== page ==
June 28, 2016
By Brad Muller | More Features
Aleighsa Welch (2011-2015) and Ashley Bruner (2009-2013) enjoyed a special on-court chemistry as teammates at South Carolina while helping build the Gamecock women’s basketball program into a national power. The two alumnae recently enjoyed facing each other as opponents while playing professionally in Portugal, and they now have an amusing chemistry off the court as they help each other navigate their future basketball aspirations.
“Sometimes I think about becoming a coach, but then I come back and work some of these camps and these kids remind me too much of myself,” Bruner laughed. “That is something I have an interest in, but I don’t know how serious I am about that right now. Maybe when I hit 30, I can sit down and think about it.”
“I definitely want to coach whenever I’m done playing basketball,” Welch said. “I will play as long as I can. Seeing the impact the coaches here had on our lives, I think maybe if I can have an impact like that on somebody’s life, then that would make me happy. When I was in college, I never wanted to be a coach, but now that I look back, I can appreciate the message Coach (Dawn) Staley tried to get to me. I appreciate how hard she was on me at times because it helped me now that I am on my own.”
Welch, 22, and Bruner, 24, played in the First Division of the Liga Feminina in Portugal last year. Bruner played for Uniao Sportiva in Ponta Delgada while Welch played for CAB Madeira. The former Gamecocks had a chance to play against each other five times during the season and their recollections resemble a sibling rivalry.
“It was back and forth,” Welch said. “Ashley’s team won the first game, and my team won the second. Then they won the third. We won the fourth, and they won the one that mattered the most in the final four of the playoffs.”
“We matched up against each other sometimes, but we played this terrible zone a lot,” Bruner said, rolling her eyes.
“When they played zone, I played very well,” Welch laughed.
“Nobody would box her out,” Bruner shot back. “I had to box out the other huge one on their team.”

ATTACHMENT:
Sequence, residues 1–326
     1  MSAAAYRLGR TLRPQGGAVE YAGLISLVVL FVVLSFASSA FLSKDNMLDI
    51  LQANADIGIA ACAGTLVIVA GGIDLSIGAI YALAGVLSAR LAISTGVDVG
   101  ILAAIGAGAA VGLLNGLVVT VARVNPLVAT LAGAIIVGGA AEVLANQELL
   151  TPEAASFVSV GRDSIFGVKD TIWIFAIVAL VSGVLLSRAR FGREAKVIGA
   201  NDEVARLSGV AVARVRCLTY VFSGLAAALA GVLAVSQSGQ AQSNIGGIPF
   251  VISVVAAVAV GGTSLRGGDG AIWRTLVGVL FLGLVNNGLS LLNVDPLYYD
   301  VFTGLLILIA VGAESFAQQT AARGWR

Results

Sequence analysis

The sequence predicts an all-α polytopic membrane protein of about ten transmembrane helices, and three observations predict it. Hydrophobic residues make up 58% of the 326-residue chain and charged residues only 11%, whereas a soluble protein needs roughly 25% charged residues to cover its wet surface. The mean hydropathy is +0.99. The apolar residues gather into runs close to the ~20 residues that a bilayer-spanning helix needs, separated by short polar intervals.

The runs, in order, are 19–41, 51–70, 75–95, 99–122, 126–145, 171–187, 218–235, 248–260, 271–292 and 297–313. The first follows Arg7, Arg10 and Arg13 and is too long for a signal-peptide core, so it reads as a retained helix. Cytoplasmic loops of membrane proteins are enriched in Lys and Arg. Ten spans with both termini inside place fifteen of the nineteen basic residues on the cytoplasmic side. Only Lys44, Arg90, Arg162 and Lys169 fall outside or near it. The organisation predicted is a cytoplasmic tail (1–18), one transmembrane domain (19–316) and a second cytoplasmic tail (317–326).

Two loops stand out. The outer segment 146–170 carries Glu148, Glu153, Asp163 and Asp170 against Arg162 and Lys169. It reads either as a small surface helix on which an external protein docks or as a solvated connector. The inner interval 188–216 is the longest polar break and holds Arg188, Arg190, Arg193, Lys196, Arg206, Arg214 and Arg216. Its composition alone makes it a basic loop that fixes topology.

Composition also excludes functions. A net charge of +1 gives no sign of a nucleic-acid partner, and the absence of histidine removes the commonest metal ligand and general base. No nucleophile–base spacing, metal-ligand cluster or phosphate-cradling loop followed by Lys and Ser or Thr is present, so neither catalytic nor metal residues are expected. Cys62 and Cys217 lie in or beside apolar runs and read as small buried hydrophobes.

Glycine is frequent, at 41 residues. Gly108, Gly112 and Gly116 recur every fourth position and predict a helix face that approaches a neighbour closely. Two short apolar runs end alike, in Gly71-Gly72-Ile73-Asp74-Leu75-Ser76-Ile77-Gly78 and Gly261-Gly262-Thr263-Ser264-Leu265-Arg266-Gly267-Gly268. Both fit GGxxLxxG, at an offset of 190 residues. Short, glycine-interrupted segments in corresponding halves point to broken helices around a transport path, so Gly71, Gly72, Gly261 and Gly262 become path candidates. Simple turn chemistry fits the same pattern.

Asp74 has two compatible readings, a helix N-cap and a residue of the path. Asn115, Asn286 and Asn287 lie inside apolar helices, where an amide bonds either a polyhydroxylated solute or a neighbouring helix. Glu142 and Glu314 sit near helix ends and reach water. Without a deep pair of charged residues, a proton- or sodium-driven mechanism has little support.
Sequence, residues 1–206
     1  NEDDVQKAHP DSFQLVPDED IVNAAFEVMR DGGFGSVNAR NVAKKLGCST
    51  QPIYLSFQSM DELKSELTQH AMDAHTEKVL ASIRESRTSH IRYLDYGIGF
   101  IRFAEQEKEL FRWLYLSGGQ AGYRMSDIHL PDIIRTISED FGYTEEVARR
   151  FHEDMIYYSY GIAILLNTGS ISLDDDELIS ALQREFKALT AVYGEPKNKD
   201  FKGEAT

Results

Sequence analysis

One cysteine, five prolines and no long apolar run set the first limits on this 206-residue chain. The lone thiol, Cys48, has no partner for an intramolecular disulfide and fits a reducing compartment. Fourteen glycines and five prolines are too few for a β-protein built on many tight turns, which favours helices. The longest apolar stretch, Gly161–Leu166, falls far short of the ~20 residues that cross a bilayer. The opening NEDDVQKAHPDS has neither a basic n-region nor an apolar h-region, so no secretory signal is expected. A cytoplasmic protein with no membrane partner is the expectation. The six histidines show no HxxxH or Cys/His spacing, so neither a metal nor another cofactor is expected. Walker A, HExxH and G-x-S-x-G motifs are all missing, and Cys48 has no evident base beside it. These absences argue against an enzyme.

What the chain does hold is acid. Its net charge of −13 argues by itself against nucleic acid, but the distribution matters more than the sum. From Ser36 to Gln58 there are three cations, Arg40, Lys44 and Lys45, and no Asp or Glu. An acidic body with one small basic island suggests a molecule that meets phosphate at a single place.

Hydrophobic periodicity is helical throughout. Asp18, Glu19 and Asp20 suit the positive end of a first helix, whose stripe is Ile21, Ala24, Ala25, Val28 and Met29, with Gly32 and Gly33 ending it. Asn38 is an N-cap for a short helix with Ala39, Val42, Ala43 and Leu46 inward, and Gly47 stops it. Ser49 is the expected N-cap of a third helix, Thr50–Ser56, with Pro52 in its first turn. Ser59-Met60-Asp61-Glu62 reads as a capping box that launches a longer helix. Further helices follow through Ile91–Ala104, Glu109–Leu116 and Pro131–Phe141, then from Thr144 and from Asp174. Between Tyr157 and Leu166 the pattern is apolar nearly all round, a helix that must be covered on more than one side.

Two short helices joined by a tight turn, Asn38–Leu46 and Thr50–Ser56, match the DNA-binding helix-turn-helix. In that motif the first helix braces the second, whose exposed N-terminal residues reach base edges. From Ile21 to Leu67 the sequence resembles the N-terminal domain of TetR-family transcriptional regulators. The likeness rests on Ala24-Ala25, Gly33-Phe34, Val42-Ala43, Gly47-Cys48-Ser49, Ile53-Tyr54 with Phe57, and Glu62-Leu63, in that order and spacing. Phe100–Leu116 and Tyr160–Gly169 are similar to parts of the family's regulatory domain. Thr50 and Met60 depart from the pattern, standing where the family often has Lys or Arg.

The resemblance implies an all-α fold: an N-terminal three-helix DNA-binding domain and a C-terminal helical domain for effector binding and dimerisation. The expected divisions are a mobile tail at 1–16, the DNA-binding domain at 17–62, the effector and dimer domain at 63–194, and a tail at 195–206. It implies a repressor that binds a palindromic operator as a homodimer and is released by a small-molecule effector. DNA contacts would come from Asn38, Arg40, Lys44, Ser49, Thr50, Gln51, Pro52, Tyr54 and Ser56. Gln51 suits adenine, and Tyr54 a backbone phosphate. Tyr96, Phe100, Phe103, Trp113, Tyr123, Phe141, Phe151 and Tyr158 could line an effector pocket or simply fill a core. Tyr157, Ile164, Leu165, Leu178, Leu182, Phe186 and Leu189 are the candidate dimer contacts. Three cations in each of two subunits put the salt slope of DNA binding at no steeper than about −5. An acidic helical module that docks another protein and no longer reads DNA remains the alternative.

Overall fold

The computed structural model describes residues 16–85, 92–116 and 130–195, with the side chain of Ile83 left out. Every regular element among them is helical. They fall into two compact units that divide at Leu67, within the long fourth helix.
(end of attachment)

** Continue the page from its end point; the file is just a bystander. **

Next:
“She played well because I didn’t guard her,” Welch said of Bruner.
“I still would have played well,” Bruner said with another eye roll.
While the two enjoyed arguing about who had the better games, Bruner would get the last laugh as her team went on to win the league championship after defeating Welch’s team in the semifinals. Both players were named to the all-star team, and Bruner received the EuroBasket Player of the Year Award. Welch earned Newcomer of the Year honors in the league. Even with their individual success, playing professionally overseas requires some adjustments.
“Going down to a 24-second shot clock was tough,” Welch said. “I don’t think you realize how much you utilize those extra six seconds until you don’t have them. The physicality of the game is tough, too, depending on the day and whether the officials are letting stuff go, but I think playing here at South Carolina helped us prepare for that.”
“Off the court, we’re treated like rock stars. We get recognized almost everywhere.”
I’ll never encounter another Coach Staley in my life. She always had a plan.
Bruner has played overseas for three years, one in Spain and the last two in Portugal.
“After your first year, you sort of know what to expect,” Bruner said. “You just have to go by what the officials are calling or not. You can start the game off where there is a foul every trip down the floor, and then in the second half there might be no fouls called.”
The two Gamecocks didn’t get to see much of each other when they weren’t playing as the two Portuguese islands where they lived were a two-and-a-half hour plane ride away. The two still spoke almost every day, and when they did meet on the court, there wasn’t a whole lot of trash talking.